“WHAT? There Is No Such Thing as Dental Insurance?!!!” – Part 3
Attract & Retain Your Patients via Membership Plans
In Part 1, The Difference Between Insurance & Dental Benefits, we learned how to communicate the difference between insurance and dental benefits. Dental benefits are quite simply taking a bucket of money, called premiums, to buy a bucket of money with rules.
In Part 2, Two Lessons Every Dentist & Practice Administrator Needs to Know About PPO Dental Benefit Contracts, we learned that every dentist and practice administrator need to be aware of 1) Reviewing ALL PPO contract fees and 2) Knowing your break-even number prior to negotiating and executing the PPO dental benefits contracts.
In Part 3, we will discuss implementing a Dental Membership Plan as an option to retain your patients if you exit a PPO plan, as well as being a great way to attract new patients. We will also answer the question we raised in Part 1 – is it worth it to have a dental benefits plan?
Key Considerations for Moving Out-of-Network (OON)
- Communication Strategy – So you’ve done the math and realized that the PPO contract(s) the doctor signed has the dental practice in an upside-down contract…meaning the reimbursement from the dental benefits company is below your break-even cost to keep your doors open. Once the decision to move OON has been made, a comprehensive team and patient communication strategy is needed to answer these critical questions:
- Why is this change necessary?
- When is this change happening?
- What is changing?
- What is NOT changing?
- What options do you offer to keep your patients?
We have found that face-to-face, educational, and transparent conversations work best at least 6-8 months from the exit effective date. This timeline also allows most patients the opportunity to make an informed decision prior to their open enrollment period.
- Assignment of Benefits – AOB is the ability of the patient to give permission to the dental benefits company to pay the provider for dental services. It is important to educate your team and patients that the details of the direct contract between the employer and the dental benefits company define the AOB rules. Does the contract say the provider gets paid? Or does the employer contract say that AOB is restricted for OON providers – meaning the dental benefits company pays the patient directly?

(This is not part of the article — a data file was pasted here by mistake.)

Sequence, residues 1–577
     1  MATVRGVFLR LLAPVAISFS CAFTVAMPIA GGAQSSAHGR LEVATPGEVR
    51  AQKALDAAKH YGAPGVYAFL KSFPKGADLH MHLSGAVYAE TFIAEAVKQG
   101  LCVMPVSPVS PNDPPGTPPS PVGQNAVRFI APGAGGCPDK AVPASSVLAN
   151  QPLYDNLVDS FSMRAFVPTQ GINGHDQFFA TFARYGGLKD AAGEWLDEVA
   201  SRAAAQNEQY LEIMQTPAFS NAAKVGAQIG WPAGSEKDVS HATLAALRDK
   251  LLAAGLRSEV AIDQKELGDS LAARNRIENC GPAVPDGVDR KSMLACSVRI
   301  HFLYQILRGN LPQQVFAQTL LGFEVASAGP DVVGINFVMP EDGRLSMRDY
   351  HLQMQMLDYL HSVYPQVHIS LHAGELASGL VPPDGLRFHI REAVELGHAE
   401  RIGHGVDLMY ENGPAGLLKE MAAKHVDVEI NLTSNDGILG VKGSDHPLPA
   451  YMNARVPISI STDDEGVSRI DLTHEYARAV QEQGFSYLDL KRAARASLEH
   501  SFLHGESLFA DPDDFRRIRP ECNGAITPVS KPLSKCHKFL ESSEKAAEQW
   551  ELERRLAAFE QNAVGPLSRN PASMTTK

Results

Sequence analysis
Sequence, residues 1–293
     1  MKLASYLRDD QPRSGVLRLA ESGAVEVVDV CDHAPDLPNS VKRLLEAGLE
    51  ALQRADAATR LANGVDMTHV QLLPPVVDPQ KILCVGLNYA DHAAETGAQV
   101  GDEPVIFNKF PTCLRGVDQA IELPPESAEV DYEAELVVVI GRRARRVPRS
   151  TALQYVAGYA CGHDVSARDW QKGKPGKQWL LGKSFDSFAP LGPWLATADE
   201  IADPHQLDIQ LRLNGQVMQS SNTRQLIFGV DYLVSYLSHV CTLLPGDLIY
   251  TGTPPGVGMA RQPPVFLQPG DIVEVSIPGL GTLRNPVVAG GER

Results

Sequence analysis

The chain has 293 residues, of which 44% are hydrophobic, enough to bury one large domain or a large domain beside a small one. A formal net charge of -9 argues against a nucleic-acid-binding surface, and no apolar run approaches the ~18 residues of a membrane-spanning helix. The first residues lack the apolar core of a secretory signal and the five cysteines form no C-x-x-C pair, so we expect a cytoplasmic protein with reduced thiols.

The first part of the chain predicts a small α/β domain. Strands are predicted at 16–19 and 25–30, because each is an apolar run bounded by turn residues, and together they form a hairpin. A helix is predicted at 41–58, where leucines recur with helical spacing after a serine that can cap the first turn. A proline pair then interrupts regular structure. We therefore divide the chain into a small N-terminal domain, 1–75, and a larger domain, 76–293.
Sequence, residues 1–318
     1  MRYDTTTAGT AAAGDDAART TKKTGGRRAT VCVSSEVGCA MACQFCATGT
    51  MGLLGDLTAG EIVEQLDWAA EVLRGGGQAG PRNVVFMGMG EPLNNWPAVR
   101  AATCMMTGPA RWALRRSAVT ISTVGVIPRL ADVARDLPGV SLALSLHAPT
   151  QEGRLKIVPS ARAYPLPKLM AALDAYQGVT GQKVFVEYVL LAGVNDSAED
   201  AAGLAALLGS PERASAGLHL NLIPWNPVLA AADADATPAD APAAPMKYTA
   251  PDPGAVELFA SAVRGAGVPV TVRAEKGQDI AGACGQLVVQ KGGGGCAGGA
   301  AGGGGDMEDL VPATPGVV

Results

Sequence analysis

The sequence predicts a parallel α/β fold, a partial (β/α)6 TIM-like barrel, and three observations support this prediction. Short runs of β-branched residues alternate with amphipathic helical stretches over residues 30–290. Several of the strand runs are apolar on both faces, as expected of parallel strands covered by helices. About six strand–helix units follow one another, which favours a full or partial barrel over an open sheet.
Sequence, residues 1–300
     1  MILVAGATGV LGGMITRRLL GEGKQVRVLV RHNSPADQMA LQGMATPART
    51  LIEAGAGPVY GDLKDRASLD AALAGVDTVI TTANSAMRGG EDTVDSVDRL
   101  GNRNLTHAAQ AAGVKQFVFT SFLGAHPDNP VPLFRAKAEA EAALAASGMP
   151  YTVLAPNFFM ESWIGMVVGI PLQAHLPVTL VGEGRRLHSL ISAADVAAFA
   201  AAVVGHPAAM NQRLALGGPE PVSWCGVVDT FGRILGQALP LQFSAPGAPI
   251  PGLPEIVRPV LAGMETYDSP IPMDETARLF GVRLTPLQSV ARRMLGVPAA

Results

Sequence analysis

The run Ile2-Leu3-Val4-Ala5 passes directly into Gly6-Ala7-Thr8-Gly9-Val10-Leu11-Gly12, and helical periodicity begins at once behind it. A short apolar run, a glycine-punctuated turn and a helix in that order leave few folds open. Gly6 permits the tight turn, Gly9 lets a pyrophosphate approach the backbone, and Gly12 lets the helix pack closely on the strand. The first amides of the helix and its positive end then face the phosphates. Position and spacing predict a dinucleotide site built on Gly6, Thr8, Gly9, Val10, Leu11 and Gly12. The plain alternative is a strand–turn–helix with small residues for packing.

- Options to Retain Patients When Exiting PPO Networks – Through the dental benefits companies, several employers reimburse the provider’s full fee for preventative services. For those employers whose contract allows capped fees to the providers and balance billing to the patients, providing a Dental Membership Plan is a great alternative to retain your patients as you move OON.
Making Membership Plans Enticing for Patients
Prior to developing a Dental Membership Plan, we asked our patients what would make a dental membership plan valuable to them. We were then able to create the best plan for our patients to maximize enrollment in our plan.
- Know your patient demographics (e.g., multi-generational, mainly military if near a base, blue collar vs. white collar, near a college campus dominated by students, etc.).
- Know your practice financials (e.g., break-even cost per hour we defined in Part 2 of this series, and share that number with the patient).
- Know what type of Dental Membership Plan fits your patient demographics for the dental practice (e.g., either 1. A pre-paid Preventative Plan with an overall percent-based fee reduction on other services, or 2. A pay-as-you-go [ala carte] plan that reduces fees for all services offered in the dental practice).
During the face-to-face patient conversations, we share the dental benefits company reimbursement rate from their previous EOBs. We also share our per-hour break-even cost to provide dental services to the patient.
They realize we can’t keep our doors open if we don’t meet our break-even point.